Carbon monoxide poisoning sends roughly 40,000 people to hospitals every year in the United States. Although doctors routinely treat such patients with oxygen, the medical community still hasn't reached a consensus on the optimum dose or best delivery method.
Scientists report in the Oct. 3 New England Journal of Medicine that breathing pressurized, or hyperbaric, oxygen limits long-term brain damage from carbon monoxide poisoning better than simply inhaling oxygen at normal atmospheric pressure from a mask, the most common therapy.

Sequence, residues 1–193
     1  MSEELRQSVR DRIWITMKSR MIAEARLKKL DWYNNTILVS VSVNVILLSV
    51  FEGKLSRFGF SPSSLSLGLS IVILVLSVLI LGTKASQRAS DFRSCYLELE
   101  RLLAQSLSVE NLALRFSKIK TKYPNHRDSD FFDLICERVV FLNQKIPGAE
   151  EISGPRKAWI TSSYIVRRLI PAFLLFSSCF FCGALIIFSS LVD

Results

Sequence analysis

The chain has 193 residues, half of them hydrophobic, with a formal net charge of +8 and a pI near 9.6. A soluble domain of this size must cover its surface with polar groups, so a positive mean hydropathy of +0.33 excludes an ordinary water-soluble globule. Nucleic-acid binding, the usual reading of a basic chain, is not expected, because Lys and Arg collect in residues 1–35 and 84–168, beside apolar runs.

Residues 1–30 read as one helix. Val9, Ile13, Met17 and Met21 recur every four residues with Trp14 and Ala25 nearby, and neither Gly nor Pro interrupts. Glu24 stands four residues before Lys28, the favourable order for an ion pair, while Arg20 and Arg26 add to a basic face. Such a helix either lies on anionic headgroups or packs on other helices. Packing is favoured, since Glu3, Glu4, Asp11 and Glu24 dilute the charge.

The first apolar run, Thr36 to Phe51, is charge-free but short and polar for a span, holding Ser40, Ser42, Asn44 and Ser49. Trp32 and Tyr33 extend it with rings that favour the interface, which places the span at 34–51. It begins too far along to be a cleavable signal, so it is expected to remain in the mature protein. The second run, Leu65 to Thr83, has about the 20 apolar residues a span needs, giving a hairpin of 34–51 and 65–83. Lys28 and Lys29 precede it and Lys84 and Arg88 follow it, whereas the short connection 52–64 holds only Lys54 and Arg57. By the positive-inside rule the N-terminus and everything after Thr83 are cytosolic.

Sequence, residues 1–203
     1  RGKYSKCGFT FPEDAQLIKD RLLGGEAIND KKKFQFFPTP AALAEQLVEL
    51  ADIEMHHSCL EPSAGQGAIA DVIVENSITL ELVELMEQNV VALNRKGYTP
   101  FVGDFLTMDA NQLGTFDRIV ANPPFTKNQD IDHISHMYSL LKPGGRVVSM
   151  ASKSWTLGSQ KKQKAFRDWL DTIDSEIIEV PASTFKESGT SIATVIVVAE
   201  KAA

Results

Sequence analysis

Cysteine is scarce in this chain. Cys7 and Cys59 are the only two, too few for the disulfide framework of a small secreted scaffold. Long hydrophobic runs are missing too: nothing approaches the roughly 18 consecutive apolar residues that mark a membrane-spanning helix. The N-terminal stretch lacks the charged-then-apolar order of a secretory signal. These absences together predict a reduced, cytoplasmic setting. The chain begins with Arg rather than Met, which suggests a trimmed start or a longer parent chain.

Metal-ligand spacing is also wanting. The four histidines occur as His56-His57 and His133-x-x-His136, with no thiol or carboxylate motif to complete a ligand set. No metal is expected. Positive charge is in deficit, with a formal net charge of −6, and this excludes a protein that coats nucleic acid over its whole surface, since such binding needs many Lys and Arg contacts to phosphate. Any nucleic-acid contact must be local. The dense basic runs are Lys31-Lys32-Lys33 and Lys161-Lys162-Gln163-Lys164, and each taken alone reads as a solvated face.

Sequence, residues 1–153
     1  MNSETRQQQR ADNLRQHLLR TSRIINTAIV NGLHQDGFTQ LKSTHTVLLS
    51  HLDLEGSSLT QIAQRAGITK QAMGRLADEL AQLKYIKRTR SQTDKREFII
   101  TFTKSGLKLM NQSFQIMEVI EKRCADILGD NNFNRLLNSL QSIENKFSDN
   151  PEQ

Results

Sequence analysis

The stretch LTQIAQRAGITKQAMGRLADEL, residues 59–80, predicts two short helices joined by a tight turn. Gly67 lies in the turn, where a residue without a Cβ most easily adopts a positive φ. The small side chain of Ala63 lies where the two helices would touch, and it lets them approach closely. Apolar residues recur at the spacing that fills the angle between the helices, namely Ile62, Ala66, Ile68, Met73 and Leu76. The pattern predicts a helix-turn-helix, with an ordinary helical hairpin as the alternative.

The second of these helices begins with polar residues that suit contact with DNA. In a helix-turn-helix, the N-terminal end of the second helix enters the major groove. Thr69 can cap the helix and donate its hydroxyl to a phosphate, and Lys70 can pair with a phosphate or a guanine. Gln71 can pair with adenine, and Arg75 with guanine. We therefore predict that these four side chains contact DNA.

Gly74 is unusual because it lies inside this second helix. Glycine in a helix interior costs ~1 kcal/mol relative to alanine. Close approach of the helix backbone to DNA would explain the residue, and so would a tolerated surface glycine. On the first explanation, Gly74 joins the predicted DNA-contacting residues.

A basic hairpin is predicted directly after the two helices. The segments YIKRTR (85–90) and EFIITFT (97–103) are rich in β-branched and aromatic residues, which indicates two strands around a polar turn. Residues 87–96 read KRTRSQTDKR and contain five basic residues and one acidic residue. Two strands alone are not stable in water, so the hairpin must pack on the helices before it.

To deliver hyperbaric oxygen, physicians place a patient in a sealed chamber containing 100 percent oxygen pressurized to 2 to 3 atmospheres, that is, double to triple the air pressure at sea level. Treatment usually lasts a few hours. The pressure in the tank feels akin to that experienced at depths of 33 to 66 feet underwater, and hyperbaric treatment carries a slight risk of ear discomfort and convulsion. Past studies failed to s